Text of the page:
Horton wrote: Sat Jan 04, 2020 11:47 am Slightly off topic but related since he started this thread, I wonder where vineviz went? I haven’t seen him post in a long time. I miss his insights and hope to see him back eventually.
Hope all is well. I actually tagged him in a post he had discussing his portfolio, asking his thoughts on my proposed idea (he has given awesome similar insight in the past).

Hope you're just enjoying the fruits of your investment labor vineviz :sharebeer .
Me too. vineviz and I didn't always see eye to eye, but I believe that we both benefited from our discussions. That sort of interaction is a big reason why I stick around here myself.
I enjoyed reading commentary from you both. Hope all is well with him.
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Re: First 20% of bonds in long-term Treasuries

Post by rich126 »

Horton wrote: Sat Jan 04, 2020 11:47 am Slightly off topic but related since he started this thread, I wonder where vineviz went? I haven’t seen him post in a long time. I miss his insights and hope to see him back eventually.
Hasn’t posted since 12/11 and had averaged 9 posts a day. Hopefully just a nice vacation.
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Re: First 20% of bonds in long-term Treasuries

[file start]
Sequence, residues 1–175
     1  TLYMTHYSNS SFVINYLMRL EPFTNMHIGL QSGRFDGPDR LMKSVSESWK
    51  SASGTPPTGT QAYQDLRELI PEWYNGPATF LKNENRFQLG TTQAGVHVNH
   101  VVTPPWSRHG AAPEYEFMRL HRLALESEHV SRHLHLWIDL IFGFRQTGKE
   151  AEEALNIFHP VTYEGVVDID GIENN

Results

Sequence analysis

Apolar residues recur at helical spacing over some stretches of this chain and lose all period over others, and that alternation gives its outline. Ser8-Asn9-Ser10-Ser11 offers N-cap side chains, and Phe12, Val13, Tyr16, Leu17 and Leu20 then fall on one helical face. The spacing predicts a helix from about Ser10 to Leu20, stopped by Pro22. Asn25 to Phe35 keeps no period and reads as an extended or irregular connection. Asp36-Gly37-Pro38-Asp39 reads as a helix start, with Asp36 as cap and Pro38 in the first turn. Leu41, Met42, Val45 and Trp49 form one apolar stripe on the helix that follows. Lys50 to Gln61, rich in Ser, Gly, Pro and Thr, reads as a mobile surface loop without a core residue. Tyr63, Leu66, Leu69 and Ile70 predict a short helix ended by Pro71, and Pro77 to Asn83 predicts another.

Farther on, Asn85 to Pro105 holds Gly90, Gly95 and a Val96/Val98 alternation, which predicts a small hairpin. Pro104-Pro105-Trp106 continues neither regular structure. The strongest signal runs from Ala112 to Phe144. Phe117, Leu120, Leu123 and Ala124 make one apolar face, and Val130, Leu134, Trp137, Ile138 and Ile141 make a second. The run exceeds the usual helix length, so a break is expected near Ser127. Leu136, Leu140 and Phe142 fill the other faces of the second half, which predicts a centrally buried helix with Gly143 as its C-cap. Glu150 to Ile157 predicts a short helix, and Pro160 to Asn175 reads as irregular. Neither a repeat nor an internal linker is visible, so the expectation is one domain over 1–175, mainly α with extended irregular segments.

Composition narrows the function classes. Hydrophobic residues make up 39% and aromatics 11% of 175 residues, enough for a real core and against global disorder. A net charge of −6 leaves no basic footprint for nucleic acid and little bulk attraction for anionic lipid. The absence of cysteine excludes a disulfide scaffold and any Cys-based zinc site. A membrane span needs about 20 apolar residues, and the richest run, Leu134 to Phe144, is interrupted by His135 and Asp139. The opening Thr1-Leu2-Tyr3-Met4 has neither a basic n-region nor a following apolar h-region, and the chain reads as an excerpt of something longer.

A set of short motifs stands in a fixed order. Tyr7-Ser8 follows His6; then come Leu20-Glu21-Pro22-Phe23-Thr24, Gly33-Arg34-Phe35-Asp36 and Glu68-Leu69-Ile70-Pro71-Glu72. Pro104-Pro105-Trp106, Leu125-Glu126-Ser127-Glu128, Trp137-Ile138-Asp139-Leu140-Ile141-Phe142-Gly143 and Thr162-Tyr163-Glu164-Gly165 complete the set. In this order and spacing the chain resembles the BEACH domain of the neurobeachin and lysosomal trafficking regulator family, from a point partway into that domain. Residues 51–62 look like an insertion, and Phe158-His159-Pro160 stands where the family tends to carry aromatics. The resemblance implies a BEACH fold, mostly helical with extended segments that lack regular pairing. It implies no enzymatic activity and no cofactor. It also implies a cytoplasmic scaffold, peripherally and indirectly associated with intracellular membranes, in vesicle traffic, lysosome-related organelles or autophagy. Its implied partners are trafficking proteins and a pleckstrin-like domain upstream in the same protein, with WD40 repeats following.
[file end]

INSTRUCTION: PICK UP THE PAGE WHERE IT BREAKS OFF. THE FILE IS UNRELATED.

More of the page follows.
Post by Lee_WSP »

watchnerd wrote: Sat Jan 04, 2020 10:17 am
vineviz wrote: Wed Aug 07, 2019 7:24 pm

The first 20% of a portfolio allocated to bonds should be allocated to long-term US Treasury bonds.

If your portfolio is 90% stocks, then the other 10% should be long-term Treasuries.

If your portfolio is 80% stocks, then the other 20% should be long-term Treasuries.

If your portfolio is 70% stocks, then 20% should be long-term Treasuries and 10% in intermediate bonds (e.g. total bond market or intermediate-term Treasuries).

If your portfolio is 60% stocks, then 20% should be long-term Treasuries and 20% in intermediate bonds (e.g. total bond market or intermediate-term Treasuries).

And so on.

I'm going to agree on the first 20% should be long part. But I'm going to disagree that then next X% should necessarily be intermediate, until you get to 40/60 ports.

By barbelling with short, you can achieve a weighted duration close to the market average. And if you make those short bonds also TIPS (e.g. VTIP, 2.5 year duration), you're getting almost pure CPI exposure on the short end of the barbell, with very little duration risk, and the long nominal end is the opposite.
Is there a premium for short tips vs money market? Is it big enough to make a noticeable difference?
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Re: First 20% of bonds in long-term Treasuries

Post by watchnerd »

Lee_WSP wrote: Sat Jan 04, 2020 11:09 pm

Is there a premium for short tips vs money market? Is it big enough to make a noticeable difference?
What sort of premium do you mean?

Interest rate? NAV of a fund?